By Maya Page
Caps and gowns, parties and ceremonies, goodbyes and bittersweet moments, graduation season is officially upon us.
On May 21, 2019, seniors will walk across the stage at MetLife Stadium, turn their tassels, and their lives will be forever changed. Graduation is what we have waited for since the beginning of our education. It will be the happiest day of our life…right?
Graduating college is a monumental milestone in one’s life, yet I feel an overwhelming lack of excitement. I thought I would be filled with joy, as I had been waiting for this moment and working tirelessly for so many years. But instead, the thought of student loans and job searches and graduate school has squandered feelings of accomplishment.
When we are little, we are often told we can be anything we want to be. In the third grade, I told my teacher my dream is to become a famous author and travel the world. I still have the note she gave me that says, “When you write your first book, make sure to send me a copy!”
As I got older, and the pressures of adulthood took over, my dream felt less and less realistic.
When I started college, I kept asking myself, ‘is this really what I want to do? How will I make money? What if I’m not even good at writing?’ I became increasingly consumed and distracted with worries and fears of the “real world.”
I felt like everyone around me knew exactly what they were doing and were pursuing a career that they were passionate and certain about. I was so focused on what I should be doing, that I forgot about what I wanted to be doing.
As I approach graduation, and the end of my undergraduate career, I ask myself the same questions I did four years ago. ‘Is this really what I want to do? How will I make money? What if no one wants to hire me?’
I have accomplished so much in my four years at FDU – Editor-in-Chief of the school newspaper, graduating summa cum laude, completed a thesis for the University Honors Program, member of Upsilon Omega Communication Honor Society.
Despite all this, there is constant worry about having done enough, which may just be my compulsive perfectionism speaking, but nevertheless is persistent in my mind. I spent so much time comparing myself to my peers, looking at what jobs they have lined up after graduation or where they applied to grad school.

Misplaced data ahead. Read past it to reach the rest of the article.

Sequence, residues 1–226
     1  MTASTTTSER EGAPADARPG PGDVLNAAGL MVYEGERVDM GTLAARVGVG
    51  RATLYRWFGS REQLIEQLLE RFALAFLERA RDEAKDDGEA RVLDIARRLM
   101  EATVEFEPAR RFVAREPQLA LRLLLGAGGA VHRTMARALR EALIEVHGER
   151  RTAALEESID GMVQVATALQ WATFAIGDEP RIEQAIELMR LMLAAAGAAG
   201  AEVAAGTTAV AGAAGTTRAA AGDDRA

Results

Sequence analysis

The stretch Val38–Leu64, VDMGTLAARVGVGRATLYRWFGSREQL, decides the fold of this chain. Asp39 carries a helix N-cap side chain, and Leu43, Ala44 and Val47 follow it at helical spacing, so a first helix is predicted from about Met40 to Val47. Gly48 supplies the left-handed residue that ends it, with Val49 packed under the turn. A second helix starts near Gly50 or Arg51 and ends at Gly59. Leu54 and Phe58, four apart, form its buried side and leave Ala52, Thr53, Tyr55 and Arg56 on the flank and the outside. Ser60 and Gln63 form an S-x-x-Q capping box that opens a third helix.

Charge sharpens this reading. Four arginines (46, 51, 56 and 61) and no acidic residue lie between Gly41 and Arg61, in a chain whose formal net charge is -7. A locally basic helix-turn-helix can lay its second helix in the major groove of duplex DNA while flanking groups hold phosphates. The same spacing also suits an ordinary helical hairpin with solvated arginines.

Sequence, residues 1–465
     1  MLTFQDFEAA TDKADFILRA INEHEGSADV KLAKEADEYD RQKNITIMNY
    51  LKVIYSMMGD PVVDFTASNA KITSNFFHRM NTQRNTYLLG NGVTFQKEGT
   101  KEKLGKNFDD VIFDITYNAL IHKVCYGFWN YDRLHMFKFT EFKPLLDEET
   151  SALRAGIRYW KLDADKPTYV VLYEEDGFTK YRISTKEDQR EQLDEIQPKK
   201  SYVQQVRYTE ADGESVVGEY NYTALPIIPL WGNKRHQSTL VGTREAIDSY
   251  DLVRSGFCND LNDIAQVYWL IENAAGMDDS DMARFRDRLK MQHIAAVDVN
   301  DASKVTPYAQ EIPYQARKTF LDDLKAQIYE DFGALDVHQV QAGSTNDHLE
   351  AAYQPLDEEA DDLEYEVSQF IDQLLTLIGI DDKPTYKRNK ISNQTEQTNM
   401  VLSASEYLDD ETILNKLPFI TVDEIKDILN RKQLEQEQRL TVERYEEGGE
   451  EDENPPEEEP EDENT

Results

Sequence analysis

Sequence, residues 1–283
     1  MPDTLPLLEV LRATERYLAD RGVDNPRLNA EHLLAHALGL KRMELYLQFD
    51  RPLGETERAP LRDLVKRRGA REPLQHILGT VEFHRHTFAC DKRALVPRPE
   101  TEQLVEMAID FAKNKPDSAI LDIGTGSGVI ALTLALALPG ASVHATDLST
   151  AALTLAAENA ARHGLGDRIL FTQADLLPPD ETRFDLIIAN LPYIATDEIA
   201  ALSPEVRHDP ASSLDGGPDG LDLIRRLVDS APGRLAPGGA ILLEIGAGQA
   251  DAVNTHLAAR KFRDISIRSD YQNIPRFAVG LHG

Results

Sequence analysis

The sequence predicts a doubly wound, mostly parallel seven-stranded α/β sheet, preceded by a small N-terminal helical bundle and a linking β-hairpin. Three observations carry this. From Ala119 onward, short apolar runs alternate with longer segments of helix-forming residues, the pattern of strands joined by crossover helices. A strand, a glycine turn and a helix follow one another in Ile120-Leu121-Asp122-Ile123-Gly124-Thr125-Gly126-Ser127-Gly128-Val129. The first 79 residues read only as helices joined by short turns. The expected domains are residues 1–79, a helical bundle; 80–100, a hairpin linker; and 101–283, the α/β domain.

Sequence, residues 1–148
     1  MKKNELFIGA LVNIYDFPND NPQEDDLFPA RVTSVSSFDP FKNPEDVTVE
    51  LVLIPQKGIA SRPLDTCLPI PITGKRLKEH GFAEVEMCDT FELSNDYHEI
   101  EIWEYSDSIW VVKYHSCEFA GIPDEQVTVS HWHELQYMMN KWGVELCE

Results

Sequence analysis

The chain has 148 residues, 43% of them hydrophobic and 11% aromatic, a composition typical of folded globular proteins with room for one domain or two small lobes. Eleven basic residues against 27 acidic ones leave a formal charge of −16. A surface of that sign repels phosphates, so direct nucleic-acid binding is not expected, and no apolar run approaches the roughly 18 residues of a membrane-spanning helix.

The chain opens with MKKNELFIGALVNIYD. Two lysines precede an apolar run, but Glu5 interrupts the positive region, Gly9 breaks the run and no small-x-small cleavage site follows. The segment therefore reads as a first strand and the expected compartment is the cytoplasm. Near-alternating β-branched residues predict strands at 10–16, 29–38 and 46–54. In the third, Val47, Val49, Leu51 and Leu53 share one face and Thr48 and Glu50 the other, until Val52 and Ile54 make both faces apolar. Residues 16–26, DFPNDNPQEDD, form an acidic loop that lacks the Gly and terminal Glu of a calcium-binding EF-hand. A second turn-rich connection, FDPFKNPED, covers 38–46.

But, what I have learned is that looking at other people’s paths only distracted me from my own.
One piece of advice that I wish I knew sooner, that is applicable to everyone no matter if you are a freshman or senior, is that life is not linear. Everyone has a different path. For some, their path is more straightforward, and for others it is full of twists and turns. That doesn’t mean it is the wrong path, it is just yours.
When we are young, we are naïve and oblivious to the hardships of life. We don’t understand debt or the declining job market. We are simply full of hopes and dreams and imagination.
It is so easy to become an adult and forget how to dream. Life will get in the way, your inspiration will fade, and you will settle for a job that doesn’t make you truly happy.
I don’t want that. And that is the one thing I do know.
I had to come to a realization that I don’t have the next five years of my life planned out. I don’t even have the next year planned out, and that is okay. I have worked so hard and I know that I deserve to be proud of my accomplishments.
School-life is all I know; it is all that many of us know. I have been sitting in a classroom for almost 16 years – that’s more than two-thirds of my life. Of course it is going to be scary to go out into the unknown, especially if you are facing crossroads in your path, like myself.
As you enter whatever your next phase in life may be, don’t lose your curiosity. Don’t stop asking questions, don’t stop learning, and don’t stop dreaming.
Graduation is not the end, but the beginning.